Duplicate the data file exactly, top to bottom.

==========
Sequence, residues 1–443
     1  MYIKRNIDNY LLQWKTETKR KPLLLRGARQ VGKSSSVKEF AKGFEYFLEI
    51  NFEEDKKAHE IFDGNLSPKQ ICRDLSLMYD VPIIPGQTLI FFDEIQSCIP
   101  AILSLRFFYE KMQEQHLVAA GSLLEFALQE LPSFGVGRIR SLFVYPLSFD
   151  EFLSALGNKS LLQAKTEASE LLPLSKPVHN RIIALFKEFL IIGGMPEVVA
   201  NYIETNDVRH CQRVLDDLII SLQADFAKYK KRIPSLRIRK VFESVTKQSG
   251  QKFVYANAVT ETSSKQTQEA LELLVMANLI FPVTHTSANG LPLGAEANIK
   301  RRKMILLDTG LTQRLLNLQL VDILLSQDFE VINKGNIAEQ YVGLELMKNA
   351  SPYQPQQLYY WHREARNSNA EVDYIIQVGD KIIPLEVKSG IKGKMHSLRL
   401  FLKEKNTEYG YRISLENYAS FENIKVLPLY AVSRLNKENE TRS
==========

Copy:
Sequence, residues 1–443
     1  MYIKRNIDNY LLQWKTETKR KPLLLRGARQ VGKSSSVKEF AKGFEYFLEI
    51  NFEEDKKAHE IFDGNLSPKQ ICRDLSLMYD VPIIPGQTLI FFDEIQSCIP
   101  AILSLRFFYE KMQEQHLVAA GSLLEFALQE LPSFGVGRIR SLFVYPLSFD
   151  EFLSALGNKS LLQAKTEASE LLPLSKPVHN RIIALFKEFL IIGGMPEVVA
   201  NYIETNDVRH CQRVLDDLII SLQADFAKYK KRIPSLRIRK VFESVTKQSG
   251  QKFVYANAVT ETSSKQTQEA LELLVMANLI FPVTHTSANG LPLGAEANIK
   301  RRKMILLDTG LTQRLLNLQL VDILLSQDFE VINKGNIAEQ YVGLELMKNA
   351  SPYQPQQLYY WHREARNSNA EVDYIIQVGD KIIPLEVKSG IKGKMHSLRL
   401  FLKEKNTEYG YRISLENYAS FENIKVLPLY AVSRLNKENE TRS